Bruce Gilchrist

The late, esteemed horseman from Washington was inducted into the NWRCHA Hall of Fame in 2012.

Born in Cortland, New York, Bruce Gilchrist liked horses as long as he could remember. His mother even recalled the first word out of his mouth being “horse” – uttered when he was looking at the neighbors cow!

Later, living near the University of Massachusetts, Bruce used to hang around the draft horse barns. Pretty soon, the college allowed Bruce to start taking the broodmares to pasture. Those that were gentle, Bruce would jump on and sneak a ride on before turning them out.

The first horse the Gilchrist family owned, Bruce supposed, was a Tennessee Walker. Years later, looking back on it, Bruce conceded that it may have been a foundered horse that just walked funny.

Before leaving for military service, most of Bruce’s horse experience came from rodeos and playdays, and like other cocky kids, Bruce thought he knew everything about horses.

The majority of Bruce’s time in the service was spent in Alaska, and immediately after discharge he found a horse show and horse-show judge Isabelle Mo arranged housing and a job cleaning stalls at Skyline Stables in Washington for legendary Northwest horse trainer Al Erickson. Later, needing a second job, Bruce began working at the local feed store.

At Al Erickson’s, every type and style of horse was trained and Al was very, very successful. While working for him, Bruce immediately found out he didn’t know anything at all about horses.

Bruce worked at Al’s for about a year and a half before Bruce got caught sneaking rides on a few horses that were left at Al’s while the esteemed trainer was away at horse shows. Knowing Bruce, he probably had been sneaking rides since the first weekend of his arrival to Seattle!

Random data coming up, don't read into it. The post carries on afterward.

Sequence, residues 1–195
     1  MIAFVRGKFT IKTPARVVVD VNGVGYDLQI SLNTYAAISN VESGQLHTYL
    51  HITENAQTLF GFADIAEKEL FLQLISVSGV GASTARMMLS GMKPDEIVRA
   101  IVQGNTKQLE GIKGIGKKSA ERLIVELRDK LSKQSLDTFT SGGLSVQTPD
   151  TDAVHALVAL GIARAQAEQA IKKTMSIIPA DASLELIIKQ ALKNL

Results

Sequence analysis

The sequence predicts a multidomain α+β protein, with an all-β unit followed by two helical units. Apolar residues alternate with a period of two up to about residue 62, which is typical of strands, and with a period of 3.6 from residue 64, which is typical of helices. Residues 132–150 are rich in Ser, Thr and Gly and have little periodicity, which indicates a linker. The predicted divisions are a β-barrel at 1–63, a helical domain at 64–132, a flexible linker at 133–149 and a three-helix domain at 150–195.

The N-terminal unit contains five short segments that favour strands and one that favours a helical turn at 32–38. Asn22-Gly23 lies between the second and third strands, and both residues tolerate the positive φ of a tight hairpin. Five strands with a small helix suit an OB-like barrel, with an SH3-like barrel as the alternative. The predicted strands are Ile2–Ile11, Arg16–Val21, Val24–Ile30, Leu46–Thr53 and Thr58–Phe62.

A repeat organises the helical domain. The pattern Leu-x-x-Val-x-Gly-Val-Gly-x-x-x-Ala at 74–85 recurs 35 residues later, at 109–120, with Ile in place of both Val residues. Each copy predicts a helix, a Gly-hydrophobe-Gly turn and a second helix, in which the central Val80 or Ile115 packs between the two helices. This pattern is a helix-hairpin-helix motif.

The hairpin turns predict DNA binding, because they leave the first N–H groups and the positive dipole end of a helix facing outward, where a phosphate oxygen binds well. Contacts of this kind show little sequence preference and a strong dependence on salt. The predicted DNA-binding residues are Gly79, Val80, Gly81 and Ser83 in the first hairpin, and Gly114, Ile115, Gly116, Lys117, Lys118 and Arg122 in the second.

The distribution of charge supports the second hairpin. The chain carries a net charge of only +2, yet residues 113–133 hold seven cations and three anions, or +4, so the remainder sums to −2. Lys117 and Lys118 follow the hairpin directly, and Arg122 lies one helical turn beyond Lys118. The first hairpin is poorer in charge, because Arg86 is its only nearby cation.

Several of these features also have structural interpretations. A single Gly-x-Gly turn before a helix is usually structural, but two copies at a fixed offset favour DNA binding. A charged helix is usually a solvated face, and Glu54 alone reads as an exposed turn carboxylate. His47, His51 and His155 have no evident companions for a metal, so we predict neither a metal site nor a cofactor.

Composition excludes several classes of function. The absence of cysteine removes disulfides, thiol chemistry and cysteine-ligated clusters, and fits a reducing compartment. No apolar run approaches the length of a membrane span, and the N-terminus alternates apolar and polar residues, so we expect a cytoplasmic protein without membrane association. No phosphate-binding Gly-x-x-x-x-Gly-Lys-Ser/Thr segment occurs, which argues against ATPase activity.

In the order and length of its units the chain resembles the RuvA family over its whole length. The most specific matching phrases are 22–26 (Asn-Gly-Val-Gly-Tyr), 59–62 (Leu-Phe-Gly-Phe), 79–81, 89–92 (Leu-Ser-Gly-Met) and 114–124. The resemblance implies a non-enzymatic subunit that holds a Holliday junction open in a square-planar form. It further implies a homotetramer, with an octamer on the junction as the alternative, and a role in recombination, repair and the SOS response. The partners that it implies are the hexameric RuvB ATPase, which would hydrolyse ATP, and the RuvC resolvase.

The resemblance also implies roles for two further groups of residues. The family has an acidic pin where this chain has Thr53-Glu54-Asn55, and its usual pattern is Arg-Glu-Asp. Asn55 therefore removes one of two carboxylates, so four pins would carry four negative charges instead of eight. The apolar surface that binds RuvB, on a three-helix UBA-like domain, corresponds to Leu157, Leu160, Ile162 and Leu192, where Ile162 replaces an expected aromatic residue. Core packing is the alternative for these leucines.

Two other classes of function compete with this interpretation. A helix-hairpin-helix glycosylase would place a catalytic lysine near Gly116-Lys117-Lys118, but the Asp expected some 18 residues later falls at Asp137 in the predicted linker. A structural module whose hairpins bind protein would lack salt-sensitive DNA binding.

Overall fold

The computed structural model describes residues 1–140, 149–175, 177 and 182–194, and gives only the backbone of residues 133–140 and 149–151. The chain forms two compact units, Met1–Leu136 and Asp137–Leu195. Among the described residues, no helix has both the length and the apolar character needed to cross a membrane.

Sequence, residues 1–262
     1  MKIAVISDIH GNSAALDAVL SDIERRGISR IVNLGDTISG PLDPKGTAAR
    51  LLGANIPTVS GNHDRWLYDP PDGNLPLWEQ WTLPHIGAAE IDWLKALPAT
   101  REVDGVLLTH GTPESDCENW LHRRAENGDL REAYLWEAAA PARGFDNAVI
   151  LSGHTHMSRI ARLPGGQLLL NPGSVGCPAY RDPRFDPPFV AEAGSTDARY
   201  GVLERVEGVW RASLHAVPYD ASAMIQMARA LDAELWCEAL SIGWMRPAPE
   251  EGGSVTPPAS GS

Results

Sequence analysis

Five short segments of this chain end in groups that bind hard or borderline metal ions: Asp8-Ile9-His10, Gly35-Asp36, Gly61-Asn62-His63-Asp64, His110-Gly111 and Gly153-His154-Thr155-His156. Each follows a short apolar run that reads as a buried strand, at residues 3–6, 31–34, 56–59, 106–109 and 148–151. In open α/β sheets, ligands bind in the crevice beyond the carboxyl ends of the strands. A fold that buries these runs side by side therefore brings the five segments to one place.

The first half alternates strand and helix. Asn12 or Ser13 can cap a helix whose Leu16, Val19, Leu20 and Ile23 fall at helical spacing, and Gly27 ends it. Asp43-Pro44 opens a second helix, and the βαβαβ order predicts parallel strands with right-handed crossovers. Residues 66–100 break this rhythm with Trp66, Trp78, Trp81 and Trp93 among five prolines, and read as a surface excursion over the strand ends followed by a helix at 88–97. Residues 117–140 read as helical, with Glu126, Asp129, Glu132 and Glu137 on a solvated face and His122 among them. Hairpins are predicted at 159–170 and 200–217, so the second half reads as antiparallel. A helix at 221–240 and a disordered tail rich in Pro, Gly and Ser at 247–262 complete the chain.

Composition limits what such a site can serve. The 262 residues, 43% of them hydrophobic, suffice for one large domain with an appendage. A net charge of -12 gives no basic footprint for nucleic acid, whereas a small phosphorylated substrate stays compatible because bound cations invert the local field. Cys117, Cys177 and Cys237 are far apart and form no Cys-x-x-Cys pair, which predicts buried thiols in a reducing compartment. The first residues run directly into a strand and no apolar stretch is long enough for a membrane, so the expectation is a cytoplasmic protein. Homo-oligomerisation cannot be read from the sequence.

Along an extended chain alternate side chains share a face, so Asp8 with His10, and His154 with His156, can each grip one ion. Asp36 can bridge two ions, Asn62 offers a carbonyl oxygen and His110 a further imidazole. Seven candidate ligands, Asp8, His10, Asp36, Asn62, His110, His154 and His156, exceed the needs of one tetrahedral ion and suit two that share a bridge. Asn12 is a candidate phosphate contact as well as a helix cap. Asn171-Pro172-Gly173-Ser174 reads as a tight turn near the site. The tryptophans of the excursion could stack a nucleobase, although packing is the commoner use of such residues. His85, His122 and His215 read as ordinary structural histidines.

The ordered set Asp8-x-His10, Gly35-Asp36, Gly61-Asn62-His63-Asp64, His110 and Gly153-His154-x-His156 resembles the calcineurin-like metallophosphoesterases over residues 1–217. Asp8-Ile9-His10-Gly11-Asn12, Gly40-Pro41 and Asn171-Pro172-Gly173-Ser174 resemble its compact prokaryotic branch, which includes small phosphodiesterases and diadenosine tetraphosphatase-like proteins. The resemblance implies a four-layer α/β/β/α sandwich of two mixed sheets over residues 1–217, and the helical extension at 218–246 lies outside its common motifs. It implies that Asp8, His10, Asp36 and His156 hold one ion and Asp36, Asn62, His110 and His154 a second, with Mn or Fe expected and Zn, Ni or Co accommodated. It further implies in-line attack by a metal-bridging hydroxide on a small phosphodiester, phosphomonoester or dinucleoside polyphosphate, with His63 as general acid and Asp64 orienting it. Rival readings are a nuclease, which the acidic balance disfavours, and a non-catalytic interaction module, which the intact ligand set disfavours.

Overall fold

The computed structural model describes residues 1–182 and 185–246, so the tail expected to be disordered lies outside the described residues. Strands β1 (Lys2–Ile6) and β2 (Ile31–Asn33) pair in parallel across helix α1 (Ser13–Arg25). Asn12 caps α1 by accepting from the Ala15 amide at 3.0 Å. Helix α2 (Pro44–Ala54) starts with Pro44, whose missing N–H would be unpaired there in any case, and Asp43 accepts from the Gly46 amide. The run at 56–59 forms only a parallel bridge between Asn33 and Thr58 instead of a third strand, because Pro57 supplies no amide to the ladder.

Going out on his own, Bruce spent a short stint breaking horses in Eastern Washington, then moved back to Seattle to hang out his trainer’s shingle at Gold Creek Stables in Woodinville, Washington. It was slow at first, and Bruce probably had done everything in the world wrong about three times in his quest to train a horse, so he did learn the hard way.

But gradually, Bruce began picking up customers, the first of which were Paulette World-Christen and Crissie Walker-Brown, who is married to the famous hackamore braider Don Brown.

Bruce got more customers partly because he got the reputation for being able to straighten out “the bad ones.” Often, Bruce’s horse-training tactics on these rank horses were on public display. Bruce was known to have a barn full of horses with people-problems prior to coming to him, those which were dangerous to their riders or ones other trainers started “were no good.” Bruce could be found teasing himself that he owned Reject Ranch. However, Bruce had good success with those horses and found it extremely challenging to create winners from those damaged mounts.

Tom St. Hilaire summarized it well when he said, “Bruce could truly dismantle the horse, set aside the parts, didn’t forget where those parts were, and could put the horse back together again and we would see that horse go on to win for years to come.”

Upon moving to Central Park Stables in Bellevue, Washington, Bruce began getting better and clients, including: Joy Soriano-Wolf; Boogers Skip, an American Horse Show Association horse of the year; Jane Gray; Poco Lonnie; Cindy Ostolanza, AHSA stock-seat medal champion; and Town Charger.

*The late Bruce Gilchrist was inducted into the Northwest Reined Cow Horse Association Hall of Fame in 2012.

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